Hongkong Land puts on public art show, after pulling out of rooftop statue display

Landlord unveils exhibition of sculptures by British artist Lynn Chadwick at its Central properties, having previously withdrawn support for show of ‘naked man’ statues after banker jumped to his death from roof of one of its properties

PUBLISHED : Monday, 14 March, 2016, 11:15am
UPDATED : Tuesday, 15 March, 2016, 1:14pm

Hongkong Land today makes a public art comeback, unveiling around 30 works by the late British sculptor Lynn Chadwick at its properties in Hong Kong’s Central district, months after pulling out of a display of works by another British sculptor, Antony Gormley, on Central rooftops.

The company, the biggest landlord in Central, has placed six large Chadwick sculptures in the Rotunda at Exchange Square, the Chater House lobby, the Landmark Atrium, the area outside the Forum (where sculptures by Henry Moore, Ju Ming and Elisabeth Frink sit), by the stairs outside Jardine House and in the lobby of Alexandra House. They will be on display for six months. The rest of the display comprises small sculptures that will be shown in the Rotunda and other venues for a month.

The project came about because Greg McNamara, the owner of a newly opened art consultancy in Hong Kong, is good friends with Chadwick’s grandson.

“I became close to his mother and 18 months ago, I proposed to her that we do a public exhibition of her father’s works here. Hongkong Land held a Chadwick exhibition in 1992 so I thought it was the right company to approach, and I started talking to them about this around 10 months ago,” said Hong Kong-born McNamara.

Chadwick, one of the UK’s most celebrated post-war sculptors, created a body of abstract works known for a blending of sharp, modernist lines and a humanist sensitivity. His men, women and animals often have geometric heads, looking alien yet friendly.

“Everyone can relate to Chadwick’s works. The aesthetics are very approachable. I hope that this project will help democratise art,” said McNamara.

Chadwick was ambivalent about showing his works in crowded places, according to Michael Bird, his biographer. “People should be quiet and peaceful while they’re looking at it,” Chadwick used to say. But the organisers believe the works will resonate with their surroundings in Hong Kong.

“Chadwick started out as an architectural draughtsman and so his works are often amazing, deconstructed forms. These will have an interesting dialogue with the architectural backdrop here,” said McNamara.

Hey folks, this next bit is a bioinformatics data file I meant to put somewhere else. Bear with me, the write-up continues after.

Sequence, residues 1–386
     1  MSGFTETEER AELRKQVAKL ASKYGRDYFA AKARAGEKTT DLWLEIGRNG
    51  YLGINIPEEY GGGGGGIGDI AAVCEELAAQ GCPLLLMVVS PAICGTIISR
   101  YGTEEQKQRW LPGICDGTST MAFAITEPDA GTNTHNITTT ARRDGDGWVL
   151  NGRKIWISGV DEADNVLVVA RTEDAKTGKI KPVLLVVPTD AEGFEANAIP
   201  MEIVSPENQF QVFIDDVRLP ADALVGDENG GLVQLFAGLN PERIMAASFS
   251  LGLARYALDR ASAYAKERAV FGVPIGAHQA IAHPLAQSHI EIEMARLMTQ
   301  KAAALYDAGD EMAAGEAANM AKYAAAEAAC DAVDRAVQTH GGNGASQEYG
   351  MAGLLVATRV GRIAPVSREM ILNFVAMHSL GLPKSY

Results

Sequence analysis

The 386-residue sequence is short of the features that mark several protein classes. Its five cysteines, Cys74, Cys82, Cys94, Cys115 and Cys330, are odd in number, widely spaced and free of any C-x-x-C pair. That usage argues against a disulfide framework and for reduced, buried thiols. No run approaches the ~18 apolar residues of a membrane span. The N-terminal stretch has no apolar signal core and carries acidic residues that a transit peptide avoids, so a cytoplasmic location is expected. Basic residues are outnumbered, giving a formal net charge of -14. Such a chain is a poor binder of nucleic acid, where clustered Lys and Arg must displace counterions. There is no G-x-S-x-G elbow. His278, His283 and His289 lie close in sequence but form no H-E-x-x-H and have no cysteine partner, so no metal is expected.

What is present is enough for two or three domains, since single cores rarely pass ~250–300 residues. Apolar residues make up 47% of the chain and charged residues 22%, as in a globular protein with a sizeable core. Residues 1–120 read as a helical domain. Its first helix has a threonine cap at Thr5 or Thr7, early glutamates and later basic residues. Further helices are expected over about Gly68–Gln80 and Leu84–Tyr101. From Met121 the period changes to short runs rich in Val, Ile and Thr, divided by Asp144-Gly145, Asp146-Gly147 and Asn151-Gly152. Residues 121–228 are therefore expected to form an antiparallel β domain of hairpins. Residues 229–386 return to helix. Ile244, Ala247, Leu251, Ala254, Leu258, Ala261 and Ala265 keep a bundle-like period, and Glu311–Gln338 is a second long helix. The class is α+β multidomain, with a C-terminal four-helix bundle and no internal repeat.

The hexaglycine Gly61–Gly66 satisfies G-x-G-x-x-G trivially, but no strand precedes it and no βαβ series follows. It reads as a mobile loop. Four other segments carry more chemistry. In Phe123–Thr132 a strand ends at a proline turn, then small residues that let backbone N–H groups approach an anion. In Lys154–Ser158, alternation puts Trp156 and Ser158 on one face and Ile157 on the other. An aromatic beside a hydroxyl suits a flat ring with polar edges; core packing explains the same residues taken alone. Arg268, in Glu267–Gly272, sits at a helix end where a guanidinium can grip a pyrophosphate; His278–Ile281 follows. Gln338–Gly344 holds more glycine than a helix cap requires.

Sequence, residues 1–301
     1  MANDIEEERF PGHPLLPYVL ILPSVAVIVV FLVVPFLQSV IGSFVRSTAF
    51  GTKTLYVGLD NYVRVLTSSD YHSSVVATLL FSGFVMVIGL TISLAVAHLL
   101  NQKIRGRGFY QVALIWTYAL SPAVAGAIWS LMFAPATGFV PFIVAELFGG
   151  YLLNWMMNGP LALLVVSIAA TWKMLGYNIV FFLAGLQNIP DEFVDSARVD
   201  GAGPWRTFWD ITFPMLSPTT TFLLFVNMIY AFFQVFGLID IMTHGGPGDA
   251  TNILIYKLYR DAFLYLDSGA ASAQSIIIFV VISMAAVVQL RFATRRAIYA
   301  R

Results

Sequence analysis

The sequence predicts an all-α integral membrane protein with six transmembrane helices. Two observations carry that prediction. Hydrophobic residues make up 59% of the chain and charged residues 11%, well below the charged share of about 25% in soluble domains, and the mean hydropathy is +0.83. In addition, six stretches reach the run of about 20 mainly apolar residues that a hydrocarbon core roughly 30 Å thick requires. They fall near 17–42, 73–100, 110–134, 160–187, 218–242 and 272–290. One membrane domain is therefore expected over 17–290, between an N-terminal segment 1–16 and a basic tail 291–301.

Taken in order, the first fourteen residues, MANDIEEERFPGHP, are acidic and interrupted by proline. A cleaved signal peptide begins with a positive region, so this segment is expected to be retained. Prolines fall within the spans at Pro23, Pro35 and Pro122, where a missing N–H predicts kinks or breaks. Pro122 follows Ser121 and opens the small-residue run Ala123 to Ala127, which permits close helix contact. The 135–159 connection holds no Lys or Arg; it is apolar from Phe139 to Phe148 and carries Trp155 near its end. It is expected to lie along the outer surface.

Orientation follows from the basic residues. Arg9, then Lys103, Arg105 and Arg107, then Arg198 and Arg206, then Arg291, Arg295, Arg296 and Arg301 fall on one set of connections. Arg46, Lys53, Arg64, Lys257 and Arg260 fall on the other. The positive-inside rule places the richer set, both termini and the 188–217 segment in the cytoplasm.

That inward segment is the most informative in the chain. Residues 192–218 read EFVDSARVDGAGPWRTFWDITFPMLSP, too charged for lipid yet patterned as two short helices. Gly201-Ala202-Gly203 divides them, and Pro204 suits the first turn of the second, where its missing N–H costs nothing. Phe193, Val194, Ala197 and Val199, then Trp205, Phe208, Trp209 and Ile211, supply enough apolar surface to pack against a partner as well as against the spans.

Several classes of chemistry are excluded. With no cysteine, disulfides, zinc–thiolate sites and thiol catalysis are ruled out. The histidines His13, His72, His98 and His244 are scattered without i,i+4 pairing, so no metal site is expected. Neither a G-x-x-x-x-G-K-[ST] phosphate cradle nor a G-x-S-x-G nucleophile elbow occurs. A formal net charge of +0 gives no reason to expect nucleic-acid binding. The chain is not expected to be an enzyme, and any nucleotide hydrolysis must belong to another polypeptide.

Hongkong Land was going to host an exhibition of Gormley’s Event Horizon – 31 life-size statues of naked men – mostly on the edges of Central rooftops. But in 2014 it changed its mind after a banker jumped to his death from the roof of Chater House, which it owns.

Gormley went on to launch the exhibition in Central a year later with the backing of other companies – the statues are in place until May 18 – but Hongkong Land’s decision prompted much debate in Hong Kong about corporate sponsorship of art projects that may be deemed insensitive by some who see them.

The Chadwick exhibition is unlikely to provoke the same level of reaction as Gormley’s Event Horizon, not just because of the approachable nature of the sculptures but also because of their placement.

The display of Gormley’s rooftop statues has been condemned by the University of Hong Kong’s Centre for Suicide Research and Prevention, which is concerned that they could trigger suicidal thoughts among the mentally vulnerable.

One of his street-level sculptures was briefly fenced off by the Highways Department following a complaint that it was an obstruction.

None of the Chadwick sculptures will be on a roof and the two outdoor sites are within the boundaries of Hongkong Land properties and unlikely to get in the way of Central commuters, according to McNamara.

The exhibition is a collaboration between McNamara Art Projects and Hongkong Land, and is supported by the artist’s estate and international art gallery Blain|Southern.